As a matter of fact Section 3, T. P. Act gives the meaning of the word 'a person is said to have notice' as follows
' 'a person is said to have notice' of a fact when he actually knows that fact, or when, but for wilful abstention from an inquiry or search which he ought to have made, or gross negligence, he would have known it.
Explanation I. Where any transaction relating to immovable property is required by law to be and has been effected by a registered instrument, any person acquiring such property or any part of, or share or interest in, such property shall be deemed to have notice of such instrument as from the date of registration or, where the property is not all situated in one sub-district, or where the registered instrument has been registered under Sub-section (2) of Section 30, Indian Registration Act, 1908, from the earliest date on which any memorandum of such registered instrument has been filed by any Sub-Registrar within whose sub-district any part of the property which is being acquired, or of the property wherein a share or interest is being acquired is situated:
(1) the instrument has been registered and its registration completed in the manner prescribed by the Indian Registration Act, 1908, and the rules made thereunder,
(2) the instrument or memorandum has been duly entered or filed, as the case may be, in books kept under Section 51 of that Act, and
(3) the particulars regarding the transaction to which the instrument relates have been correctly entered in the indexes kept under Section 55 of that Act.'
It has been held that there is a legal presumption of knowledge arising from wilful abstention from an enquiry or search. At page 27 of Mulla's Transfer of Property Act, the words 'wilful abstention from an enquiry or search' are discussed. Reference is there made to a passage from a judgment of Wigram V. C. in -- 'Jones v. Smith', (1841) 1 Hare 43 at p. 45 (B). In -- 'Agra Bank v. Barry', (1874) LR 7 H. L. 135 at p. 157 (C), Lord Selborne observed
'But this, if it can properly be called a duty, it is not a duty owing to the possible holder of a latent title or security. It is merely the course which a man dealing 'bona fide' in the proper and usual manner for his own interest, ought, by himself or his solicitor, to follow with a view to his own title and his own security. If he does not follow that course, the omission of it may be a thing requiring to be accounted for or explained. It may be evidence, if it is not explained, of a design inconsistent with 'bona fide', dealing to avoid knowledge of the true state of the title.'
The two judgments on which reliance is placed by Mr. Mital would not be good law. They are -- 'Mohammad Din v. Mst. Sardar Bibi', AIR 1927 Lah 666 (D) and -- 'Arur Bingh v. Santi', AIR 1936 Lah 405 (E). In the former the grant had been made to the father of three persons and on his death the elder son Mohammad Alam made an application that all the three brothers were owners of the property, but the land remained in his possession, and the revenue records only showed the ownership of Mohammad Alam. The reason apparently was that the grant had been forfeited and was regranted to Mohammad Alam alone who alone acquired occupancy rights and proprietary rights in the land. In those circumstances a search in the revenue records was held to be sufficient, but Tek Chand J. said there that even if the revenue records had been searched they would not have put the vendee on any kind of enquiry. Therefore this case is not of much assistance, in the latter case, the land was agricultural land within the Municipal limits and the question was whether a mortgage by a registered deed which was not mentioned in the revenue records could be defeated under Section 41, T. P. Act. In the circumstances of that case the learned Judges held that it could be. Whether that judgment is right or wrong, the principle laid down by Mahajan J. in the Full Bench is, in my opinion, the correct law, and with great respect I find myself unable to agree with the rule laid down in 'Arur Singh's case (E)',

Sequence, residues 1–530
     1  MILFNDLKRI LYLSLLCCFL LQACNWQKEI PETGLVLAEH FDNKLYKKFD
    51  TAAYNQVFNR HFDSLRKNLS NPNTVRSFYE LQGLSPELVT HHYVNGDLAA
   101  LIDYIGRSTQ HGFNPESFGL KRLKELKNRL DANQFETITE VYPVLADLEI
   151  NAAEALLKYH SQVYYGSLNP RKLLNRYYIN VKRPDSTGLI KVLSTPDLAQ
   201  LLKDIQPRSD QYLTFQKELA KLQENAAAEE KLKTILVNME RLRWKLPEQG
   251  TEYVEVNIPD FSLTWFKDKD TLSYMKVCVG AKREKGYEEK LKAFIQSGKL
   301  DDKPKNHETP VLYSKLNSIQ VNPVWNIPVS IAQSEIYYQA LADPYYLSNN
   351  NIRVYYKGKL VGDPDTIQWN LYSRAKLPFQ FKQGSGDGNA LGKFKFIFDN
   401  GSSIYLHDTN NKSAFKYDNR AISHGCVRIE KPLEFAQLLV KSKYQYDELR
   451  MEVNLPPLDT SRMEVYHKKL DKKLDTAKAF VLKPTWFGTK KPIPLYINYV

9. I would, therefore, hold that the defendant Sulekh Chand has not been able to establish that his sale has been protected under Section 41, T. P. Act and I would therefore allow this appeal and vary the preliminary decree to this extent that the shares of the parties would be Dwarka Dass 6/16th, Sangat Rai 6/16th, Sulekh Chand 2/16th and Parmeshri 2/16th. In the circumstances of this case the parties will bear their own costs in this Court and in the Court below.
10. I agree. I would follow Mahajan J. in the noting cited.